Blame it on the housing shortage: Existing-home sales posted their largest declines on an annual basis in more than three years, the National Association of REALTORS® reported Wednesday. All major regions of the U.S. saw monthly and annual sales decline in January.
“The utter lack of sufficient housing supply and its influence on home prices muted overall sales activity in much of the U.S. last month,” says Lawrence Yun, NAR’s chief economist. “While the good news is that REALTORS® in most areas are saying buyer traffic is even stronger than the beginning of last year, sales failed to follow course and far lagged last January’s pace. It’s very clear that too many markets right now are becoming less affordable and desperately need more new listings to clam the speedy price growth.”
Existing-home sales, which are completed transactions for single-family homes, townhomes, condos, and co-ops, dropped 3.2 percent in January to a seasonally adjusted annual rate of 5.38 million, NAR reports. It is the second consecutive month that existing-home sales have posted declines. Sales are now 4.8 percent below levels from a year ago and are at the slowest pace since last September.
A Closer Look
The following are highlights from NAR’s existing-home sales report, reflecting the latest January sales data:
- Home prices: The median existing-home price for all housing types was $240,500 in January, up 5.8 percent from a year ago.
- Days on the market: Forty-three percent of homes sold in January were on the market for less than a month. Properties stayed on the market an average of 42 days in January, down from 50 days a year ago.
- All-cash sales: All-cash sales comprised 22 percent of transactions in January, down from 23 percent a year ago. Individual investors tend to make up the biggest bulk of all-cash sales. They accounted for 17 percent of sales in January, up from 16 percent a year ago.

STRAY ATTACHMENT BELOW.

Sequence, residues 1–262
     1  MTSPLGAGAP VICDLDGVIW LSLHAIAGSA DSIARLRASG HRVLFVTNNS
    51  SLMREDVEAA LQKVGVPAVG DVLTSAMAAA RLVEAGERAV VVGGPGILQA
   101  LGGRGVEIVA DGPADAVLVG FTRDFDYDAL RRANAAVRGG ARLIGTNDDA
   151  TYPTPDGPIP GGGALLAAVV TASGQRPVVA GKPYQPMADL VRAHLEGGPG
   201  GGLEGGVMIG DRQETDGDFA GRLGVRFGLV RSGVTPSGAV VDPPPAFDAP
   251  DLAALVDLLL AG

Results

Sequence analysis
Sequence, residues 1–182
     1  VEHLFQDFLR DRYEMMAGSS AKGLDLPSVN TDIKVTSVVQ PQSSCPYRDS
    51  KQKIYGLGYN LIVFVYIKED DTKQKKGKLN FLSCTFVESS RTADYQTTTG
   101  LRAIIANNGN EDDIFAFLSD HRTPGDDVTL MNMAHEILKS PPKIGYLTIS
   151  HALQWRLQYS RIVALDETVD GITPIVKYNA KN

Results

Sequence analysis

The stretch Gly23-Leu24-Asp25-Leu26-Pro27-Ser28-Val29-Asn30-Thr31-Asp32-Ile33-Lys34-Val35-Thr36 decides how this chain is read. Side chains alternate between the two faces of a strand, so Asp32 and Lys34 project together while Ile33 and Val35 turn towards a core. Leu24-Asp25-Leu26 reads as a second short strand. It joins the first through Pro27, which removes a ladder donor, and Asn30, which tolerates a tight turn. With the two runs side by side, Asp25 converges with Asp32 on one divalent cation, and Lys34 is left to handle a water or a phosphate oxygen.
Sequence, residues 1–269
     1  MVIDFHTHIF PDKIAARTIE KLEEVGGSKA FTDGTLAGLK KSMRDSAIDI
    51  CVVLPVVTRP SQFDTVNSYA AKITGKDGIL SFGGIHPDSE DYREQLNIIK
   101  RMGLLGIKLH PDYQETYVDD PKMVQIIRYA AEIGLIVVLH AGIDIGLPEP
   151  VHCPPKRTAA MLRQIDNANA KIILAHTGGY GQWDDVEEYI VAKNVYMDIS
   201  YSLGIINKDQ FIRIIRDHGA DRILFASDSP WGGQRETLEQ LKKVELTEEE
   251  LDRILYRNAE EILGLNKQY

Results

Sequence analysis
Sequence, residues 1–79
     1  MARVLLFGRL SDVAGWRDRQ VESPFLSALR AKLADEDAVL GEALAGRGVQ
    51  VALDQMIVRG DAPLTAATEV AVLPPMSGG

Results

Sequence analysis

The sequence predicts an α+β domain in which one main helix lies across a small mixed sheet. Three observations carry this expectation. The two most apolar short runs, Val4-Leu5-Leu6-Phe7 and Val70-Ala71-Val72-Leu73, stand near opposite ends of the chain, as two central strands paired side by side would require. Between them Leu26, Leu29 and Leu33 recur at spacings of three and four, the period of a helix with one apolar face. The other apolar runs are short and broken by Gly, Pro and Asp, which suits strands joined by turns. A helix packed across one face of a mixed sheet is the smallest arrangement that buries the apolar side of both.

- Distressed sales: Foreclosures and short sales made up 5 percent of sales in January, down from 7 percent a year ago. Broken out, four percent of sales in January were foreclosures and 1 percent was short sales.
- Inventory: Total housing inventory at the end of January increased 4.1 percent to 1.52 million existing homes for sale. Inventories are still 9.5 percent lower than a year ago. Unsold inventory is at a 3.4-month supply at the current sales pace.
“The underproduction of single-family homes over the last decade has played a predominant role in the current inventory crisis that is weighing on affordability,” says Yun. “However, there’s hope that the tide is finally turning. There was a nice jump in new home construction in January and homebuilder confidence is high. These two factors will hopefully lay the foundation for the building industry to meaningfully ramp up production as this year progresses.”